A 2-minute video that demonstrates and explains my idea for covering the inner cover hole with canvas. It’s followed by a 20-minute version for those interested in a deeper dive into all kinds of other things.
As always with these longer videos, I explain every little thing I do while I’m doing it so that new beekeepers unfamiliar with all this stuff might be able to pick up some helpful titbits of information. I know this format isn’t quick and slick and eye-catching, and my viewership has gone down the toilet since I started doing this, but when I look back on all the videos I’ve watched over the years, it’s usually been this kind of long-form walk-along video that I’ve learned the most from — the ones where I’m just hanging out with the beekeeper while they’re beekeeping. So I’m sticking to it. Continue reading →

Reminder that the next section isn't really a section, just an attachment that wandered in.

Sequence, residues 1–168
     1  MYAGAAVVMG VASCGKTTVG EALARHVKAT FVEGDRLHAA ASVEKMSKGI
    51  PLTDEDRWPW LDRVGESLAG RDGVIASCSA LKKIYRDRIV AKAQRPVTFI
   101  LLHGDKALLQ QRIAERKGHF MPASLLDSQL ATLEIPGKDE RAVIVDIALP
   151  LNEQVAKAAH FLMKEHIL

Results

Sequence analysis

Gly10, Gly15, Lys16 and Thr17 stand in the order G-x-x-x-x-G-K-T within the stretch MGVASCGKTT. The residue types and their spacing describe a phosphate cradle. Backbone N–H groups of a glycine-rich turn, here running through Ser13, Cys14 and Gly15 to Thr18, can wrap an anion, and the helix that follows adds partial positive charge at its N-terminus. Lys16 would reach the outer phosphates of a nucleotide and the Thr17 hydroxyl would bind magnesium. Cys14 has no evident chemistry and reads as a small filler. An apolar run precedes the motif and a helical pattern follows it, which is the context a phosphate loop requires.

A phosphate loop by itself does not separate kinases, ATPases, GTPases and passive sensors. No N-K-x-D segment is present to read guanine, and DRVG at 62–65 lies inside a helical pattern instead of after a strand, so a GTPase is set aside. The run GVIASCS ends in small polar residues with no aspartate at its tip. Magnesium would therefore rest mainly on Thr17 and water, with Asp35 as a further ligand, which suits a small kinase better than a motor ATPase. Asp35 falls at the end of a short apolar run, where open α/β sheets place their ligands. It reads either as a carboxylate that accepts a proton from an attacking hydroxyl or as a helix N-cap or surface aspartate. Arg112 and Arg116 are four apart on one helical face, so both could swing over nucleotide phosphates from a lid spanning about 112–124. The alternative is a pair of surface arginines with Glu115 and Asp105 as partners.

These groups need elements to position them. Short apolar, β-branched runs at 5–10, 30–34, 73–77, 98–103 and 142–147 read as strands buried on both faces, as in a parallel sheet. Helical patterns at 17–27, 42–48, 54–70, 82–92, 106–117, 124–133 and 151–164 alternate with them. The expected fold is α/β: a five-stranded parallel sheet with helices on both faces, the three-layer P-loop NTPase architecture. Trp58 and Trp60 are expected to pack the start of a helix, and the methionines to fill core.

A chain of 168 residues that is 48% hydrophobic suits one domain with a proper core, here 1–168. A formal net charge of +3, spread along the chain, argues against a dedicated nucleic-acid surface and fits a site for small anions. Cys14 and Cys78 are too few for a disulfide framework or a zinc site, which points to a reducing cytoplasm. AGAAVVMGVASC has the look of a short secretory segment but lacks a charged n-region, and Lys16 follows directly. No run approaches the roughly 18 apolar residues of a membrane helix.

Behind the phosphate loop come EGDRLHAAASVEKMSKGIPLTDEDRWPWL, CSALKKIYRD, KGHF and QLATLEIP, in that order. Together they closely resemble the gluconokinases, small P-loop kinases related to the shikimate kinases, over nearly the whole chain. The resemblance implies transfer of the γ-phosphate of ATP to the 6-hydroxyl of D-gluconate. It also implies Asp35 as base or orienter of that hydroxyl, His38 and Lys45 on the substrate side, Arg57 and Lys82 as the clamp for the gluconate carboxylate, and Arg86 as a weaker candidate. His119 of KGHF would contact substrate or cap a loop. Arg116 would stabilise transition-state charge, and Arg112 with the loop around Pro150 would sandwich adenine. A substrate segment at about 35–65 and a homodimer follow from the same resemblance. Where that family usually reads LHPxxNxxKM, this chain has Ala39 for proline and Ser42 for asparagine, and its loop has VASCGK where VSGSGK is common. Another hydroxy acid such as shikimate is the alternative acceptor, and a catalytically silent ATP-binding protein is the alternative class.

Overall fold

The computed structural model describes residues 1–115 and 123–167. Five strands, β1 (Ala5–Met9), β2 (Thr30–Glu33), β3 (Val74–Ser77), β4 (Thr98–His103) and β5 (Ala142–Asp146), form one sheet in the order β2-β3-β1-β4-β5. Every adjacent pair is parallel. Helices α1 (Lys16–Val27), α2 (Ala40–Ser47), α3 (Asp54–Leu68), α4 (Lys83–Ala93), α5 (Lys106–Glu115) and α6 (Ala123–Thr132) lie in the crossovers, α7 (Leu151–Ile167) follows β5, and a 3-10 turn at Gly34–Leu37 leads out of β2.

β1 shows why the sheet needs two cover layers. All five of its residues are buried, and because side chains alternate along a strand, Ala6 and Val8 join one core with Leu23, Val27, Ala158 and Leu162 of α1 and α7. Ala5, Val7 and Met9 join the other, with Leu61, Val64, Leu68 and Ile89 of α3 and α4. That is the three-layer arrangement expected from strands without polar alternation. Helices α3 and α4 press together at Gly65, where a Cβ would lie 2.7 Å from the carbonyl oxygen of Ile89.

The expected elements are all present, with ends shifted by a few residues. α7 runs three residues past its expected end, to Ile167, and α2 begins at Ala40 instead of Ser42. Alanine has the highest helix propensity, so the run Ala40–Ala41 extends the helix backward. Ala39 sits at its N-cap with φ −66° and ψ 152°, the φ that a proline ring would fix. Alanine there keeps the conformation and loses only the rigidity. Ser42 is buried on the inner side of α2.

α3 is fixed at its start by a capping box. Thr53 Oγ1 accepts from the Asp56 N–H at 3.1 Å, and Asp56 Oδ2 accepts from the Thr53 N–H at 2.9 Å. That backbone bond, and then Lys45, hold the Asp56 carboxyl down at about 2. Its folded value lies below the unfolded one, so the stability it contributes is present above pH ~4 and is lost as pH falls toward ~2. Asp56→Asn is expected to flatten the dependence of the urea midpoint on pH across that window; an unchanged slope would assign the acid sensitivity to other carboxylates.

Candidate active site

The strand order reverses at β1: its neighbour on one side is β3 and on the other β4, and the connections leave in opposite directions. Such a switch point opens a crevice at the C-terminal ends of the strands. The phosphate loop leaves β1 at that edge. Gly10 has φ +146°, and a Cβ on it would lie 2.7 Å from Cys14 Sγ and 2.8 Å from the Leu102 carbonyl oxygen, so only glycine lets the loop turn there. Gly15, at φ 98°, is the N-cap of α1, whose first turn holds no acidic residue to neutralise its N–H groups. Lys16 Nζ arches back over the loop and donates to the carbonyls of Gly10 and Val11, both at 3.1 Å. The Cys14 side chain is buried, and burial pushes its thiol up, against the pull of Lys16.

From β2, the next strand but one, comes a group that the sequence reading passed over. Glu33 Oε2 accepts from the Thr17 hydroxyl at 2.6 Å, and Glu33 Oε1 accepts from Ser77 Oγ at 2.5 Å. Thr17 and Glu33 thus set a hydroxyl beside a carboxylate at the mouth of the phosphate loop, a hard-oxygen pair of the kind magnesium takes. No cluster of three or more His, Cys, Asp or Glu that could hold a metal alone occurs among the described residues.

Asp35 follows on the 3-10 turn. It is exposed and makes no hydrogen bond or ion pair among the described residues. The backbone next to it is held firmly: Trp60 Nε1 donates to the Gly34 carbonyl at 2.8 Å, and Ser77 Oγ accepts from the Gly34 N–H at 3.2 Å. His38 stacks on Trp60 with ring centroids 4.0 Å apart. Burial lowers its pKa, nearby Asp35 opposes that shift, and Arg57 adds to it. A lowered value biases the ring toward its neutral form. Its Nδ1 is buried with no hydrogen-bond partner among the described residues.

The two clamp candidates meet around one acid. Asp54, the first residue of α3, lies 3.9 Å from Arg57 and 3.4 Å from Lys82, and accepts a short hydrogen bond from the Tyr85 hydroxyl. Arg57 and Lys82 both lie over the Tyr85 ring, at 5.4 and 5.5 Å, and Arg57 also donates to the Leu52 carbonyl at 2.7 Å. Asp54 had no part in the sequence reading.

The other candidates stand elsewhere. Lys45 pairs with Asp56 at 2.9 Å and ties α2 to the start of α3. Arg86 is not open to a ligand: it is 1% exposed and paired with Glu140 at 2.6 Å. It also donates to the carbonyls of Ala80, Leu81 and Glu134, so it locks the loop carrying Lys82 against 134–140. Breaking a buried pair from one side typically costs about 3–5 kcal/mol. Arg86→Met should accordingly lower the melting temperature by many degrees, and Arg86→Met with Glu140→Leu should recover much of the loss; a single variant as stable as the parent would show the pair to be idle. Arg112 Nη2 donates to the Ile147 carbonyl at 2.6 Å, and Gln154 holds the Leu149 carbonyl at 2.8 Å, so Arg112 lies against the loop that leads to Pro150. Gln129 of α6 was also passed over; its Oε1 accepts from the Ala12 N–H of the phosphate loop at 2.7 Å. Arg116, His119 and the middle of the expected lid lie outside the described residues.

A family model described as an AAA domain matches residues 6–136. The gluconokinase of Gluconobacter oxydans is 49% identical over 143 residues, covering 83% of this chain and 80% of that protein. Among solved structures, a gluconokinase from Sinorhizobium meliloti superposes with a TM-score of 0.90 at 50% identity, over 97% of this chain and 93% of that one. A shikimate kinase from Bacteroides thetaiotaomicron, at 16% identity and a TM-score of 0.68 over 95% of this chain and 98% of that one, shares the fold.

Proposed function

Beekeepers on a budget with minimal carpentry skills might like these little shelters I made from old yogurt containers to keep wind, rain and snow from blowing through the upper entrances of my beehives. Here’s a three and a half minute video that shows what I’m talking about. (It ends with a 15-minute extended cut for those who like to dig a little deeper.)
Most beekeepers first learn to inspect their hives by removing a frame from the edge of the hive box and then moving closer to the middle one frame at a time. That’s the safest way to do it because it opens up space so the bees don’t get “rolled” between the tightly-fitted frames. But with experience, I think it’s okay to skip to the chase and pull out the middle frame first.
I’ve have a couple of swarm boxes that I was given 10 years ago and I’ve never stopped using them. Mostly I use them for transporting bees, but I also load them up with old drone comb and other frames and use them to actually catch bees. Here’s a really short video that explains how I do it in a manner that I’m sure many hard line beekeepers would not agree with.